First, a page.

Is an Insulinoma?
An insulinoma is
a small tumor in the pancreas that produces an excess amount of insulin. In
most cases, the tumor isn’t cancerous. Most insulinomas are less
than 2 centimeters in diameter.
The pancreas is an endocrine organ located behind your stomach.
One of its functions is to produce hormones that control the level of sugar in your
bloodstream, such as insulin. Normally, the pancreas stops creating insulin
when your blood sugar drops too low. This allows your blood sugar levels to
return to normal. When an insulinoma forms in your pancreas, however, it will
continue to produce insulin, even when your blood sugar is too low. This can
lead to severe hypoglycemia, or
low blood sugar. Hypoglycemia
is a dangerous condition that can cause blurred vision, lightheadedness, and unconsciousness.
It can also be life-threatening.
An insulinoma usually needs to be surgically removed. Once the
tumor is removed, complete recovery is very likely.
Are the Symptoms of an Insulinoma?
People with insulinomas don’t always have noticeable symptoms. When
symptoms do occur, they can vary depending on the severity of the condition.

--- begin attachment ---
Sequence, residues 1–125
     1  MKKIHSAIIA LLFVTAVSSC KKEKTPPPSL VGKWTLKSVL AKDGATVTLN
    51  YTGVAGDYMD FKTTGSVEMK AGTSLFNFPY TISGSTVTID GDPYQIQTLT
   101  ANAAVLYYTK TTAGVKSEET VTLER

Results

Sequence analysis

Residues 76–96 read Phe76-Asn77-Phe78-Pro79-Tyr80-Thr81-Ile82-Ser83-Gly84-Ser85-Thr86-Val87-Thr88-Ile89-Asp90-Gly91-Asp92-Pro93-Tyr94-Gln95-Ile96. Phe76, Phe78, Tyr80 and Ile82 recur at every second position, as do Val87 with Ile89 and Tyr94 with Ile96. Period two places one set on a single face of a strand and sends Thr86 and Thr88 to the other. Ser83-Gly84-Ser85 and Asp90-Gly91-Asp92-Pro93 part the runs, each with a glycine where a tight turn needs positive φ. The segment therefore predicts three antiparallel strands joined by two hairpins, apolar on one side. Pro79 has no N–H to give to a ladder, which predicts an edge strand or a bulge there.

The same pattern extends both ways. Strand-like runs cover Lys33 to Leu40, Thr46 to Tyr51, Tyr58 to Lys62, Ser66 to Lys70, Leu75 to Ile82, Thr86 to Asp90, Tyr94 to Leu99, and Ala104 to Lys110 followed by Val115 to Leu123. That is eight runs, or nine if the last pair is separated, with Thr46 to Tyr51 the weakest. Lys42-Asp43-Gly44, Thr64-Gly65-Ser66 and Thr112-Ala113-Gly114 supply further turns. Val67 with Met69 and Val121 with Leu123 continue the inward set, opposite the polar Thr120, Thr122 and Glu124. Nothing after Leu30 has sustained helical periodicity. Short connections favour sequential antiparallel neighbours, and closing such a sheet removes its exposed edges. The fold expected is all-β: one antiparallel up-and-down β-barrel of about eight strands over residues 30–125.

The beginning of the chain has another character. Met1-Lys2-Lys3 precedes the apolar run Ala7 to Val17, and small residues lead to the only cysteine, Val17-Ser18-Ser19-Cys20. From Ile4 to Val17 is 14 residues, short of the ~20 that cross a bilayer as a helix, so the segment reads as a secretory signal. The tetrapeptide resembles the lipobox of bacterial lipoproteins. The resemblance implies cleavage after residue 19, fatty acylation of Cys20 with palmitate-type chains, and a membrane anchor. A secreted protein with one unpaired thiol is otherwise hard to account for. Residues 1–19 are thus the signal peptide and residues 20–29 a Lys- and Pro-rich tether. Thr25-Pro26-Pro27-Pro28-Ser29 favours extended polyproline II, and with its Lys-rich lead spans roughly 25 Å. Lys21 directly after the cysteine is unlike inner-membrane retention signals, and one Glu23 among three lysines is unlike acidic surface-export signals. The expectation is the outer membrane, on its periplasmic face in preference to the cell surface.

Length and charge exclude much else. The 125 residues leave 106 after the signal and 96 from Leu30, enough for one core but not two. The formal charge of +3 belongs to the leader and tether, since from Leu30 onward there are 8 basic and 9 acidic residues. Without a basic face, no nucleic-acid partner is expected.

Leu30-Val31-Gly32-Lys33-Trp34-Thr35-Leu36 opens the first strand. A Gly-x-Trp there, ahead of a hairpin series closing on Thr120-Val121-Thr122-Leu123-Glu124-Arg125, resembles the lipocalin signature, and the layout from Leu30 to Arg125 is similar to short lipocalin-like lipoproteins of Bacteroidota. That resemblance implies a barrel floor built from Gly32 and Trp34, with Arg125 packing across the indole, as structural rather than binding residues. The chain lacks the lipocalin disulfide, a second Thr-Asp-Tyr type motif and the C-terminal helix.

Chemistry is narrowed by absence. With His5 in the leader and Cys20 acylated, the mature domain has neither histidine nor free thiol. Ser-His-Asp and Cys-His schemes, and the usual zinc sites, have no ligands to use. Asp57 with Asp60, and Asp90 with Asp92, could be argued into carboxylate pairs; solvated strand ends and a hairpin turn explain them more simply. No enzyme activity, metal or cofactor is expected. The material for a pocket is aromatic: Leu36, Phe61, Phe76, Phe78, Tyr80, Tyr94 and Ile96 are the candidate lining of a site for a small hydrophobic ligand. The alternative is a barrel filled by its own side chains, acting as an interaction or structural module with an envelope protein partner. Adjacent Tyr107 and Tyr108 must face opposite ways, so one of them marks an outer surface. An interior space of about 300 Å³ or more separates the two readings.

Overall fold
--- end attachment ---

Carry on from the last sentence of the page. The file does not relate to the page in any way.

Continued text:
Mild symptoms include:
- double vision or blurred vision
- anxiety and irritability
- mood swings
- sudden weight gain
More severe symptoms of insulinoma can affect the brain. They can
also affect the adrenal glands, which regulate stress response and heart rate.
Sometimes, symptoms seem similar to those of epilepsy, a neurological disorder that causes seizures. Symptoms
that are seen in more serious cases of insulinoma may include:
- convulsions or seizures
- a rapid heart rate (greater than 95 beats per
- difficulty concentrating
- loss of consciousness or coma
In some cases, insulinomas can get bigger and spread to other
parts of the body. When this occurs, you can get the following symptoms:
- abdominal pain
- back pain
- jaundice, or yellowing of the skin and eyes
Causes an Insulinoma?
Doctors don’t know exactly why people get insulinomas. The tumors
typically show up without warning.
When you eat food, the pancreas creates insulin. Insulin is a
hormone that helps your body store the sugar from your food. Once the sugar has
been absorbed, the pancreas stops producing insulin. This process usually keeps
blood sugar levels stable. However, it can be disrupted when an insulinoma
develops. The tumor continues to produce insulin even when your blood sugar
drops too low. This can lead to hypoglycemia, a serious condition characterized